That’s it, balanced and keeps weight on during winter – KIS (keep it simple) is my feeding belief. This diet will also apply in Summer when we have no green grass & may add lucerne chaff as well. Please note some old horses or Cushing’s horses get scours or cannot tolerate lucerne (some will get colic) so be careful.
For Spring and times of adequate grass – only feed once a day if your horses weight is good
Copra (soaked)
Chaff – oaten
Belinda’s Amazing Minerals Plus in feed & Belinda’s Loose Lick ad-lib
This is what works for my horses in my situation and amounts are adjusted depending on body condition.

Photos of our 22 year old stallions top line and shiny winter coat & 23 year old broodmare that’s IR (suspected Cushing’s)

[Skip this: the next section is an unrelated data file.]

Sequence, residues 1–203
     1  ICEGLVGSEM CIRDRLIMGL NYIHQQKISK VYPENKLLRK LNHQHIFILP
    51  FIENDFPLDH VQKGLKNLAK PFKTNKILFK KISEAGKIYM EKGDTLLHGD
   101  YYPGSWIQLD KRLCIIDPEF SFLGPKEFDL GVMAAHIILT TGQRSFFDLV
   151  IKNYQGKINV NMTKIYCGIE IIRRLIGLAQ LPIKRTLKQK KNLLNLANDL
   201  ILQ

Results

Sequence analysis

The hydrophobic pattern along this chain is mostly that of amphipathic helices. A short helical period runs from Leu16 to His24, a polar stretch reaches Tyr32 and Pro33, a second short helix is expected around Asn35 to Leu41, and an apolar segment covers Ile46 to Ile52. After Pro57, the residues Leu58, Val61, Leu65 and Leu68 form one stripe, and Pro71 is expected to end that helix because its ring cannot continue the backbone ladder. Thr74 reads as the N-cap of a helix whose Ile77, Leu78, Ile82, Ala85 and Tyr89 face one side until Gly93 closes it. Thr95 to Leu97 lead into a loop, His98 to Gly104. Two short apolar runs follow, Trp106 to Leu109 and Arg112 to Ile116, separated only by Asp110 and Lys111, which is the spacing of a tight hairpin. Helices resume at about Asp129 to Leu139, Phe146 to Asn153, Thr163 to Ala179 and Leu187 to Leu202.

For customised diet advice, book a nutrition consult today. Full natural affordable diet plan tailored to your needs just $110 – you may just save $100’s off your feed costs & have a healthy horse (less vet bills).

Laminitis and Founder – recognising symptoms and what to do

laminitis, founder, recovery

One of the major concerns for horse owners, especially in Springtime, is laminitis and founder. If you can recognise the early signs and address the condition as quickly as possible, all the better for your horse.

As an animal homeopath this is the most common ailment I successfully address for clients horses on a daily basis.

Laminitis and founder are extremely painful conditions. If not addressed promptly, laminitis can result in rotation of the third phalanx (coffin bone) through the sole of the hoof. Inflammation occurs in the sensitive laminae in the horse’s hooves, restricting circulation in the hoof. Separation of the laminae – founder – can also result in seedy toe and abscesses which can also be extremely painful for the horse.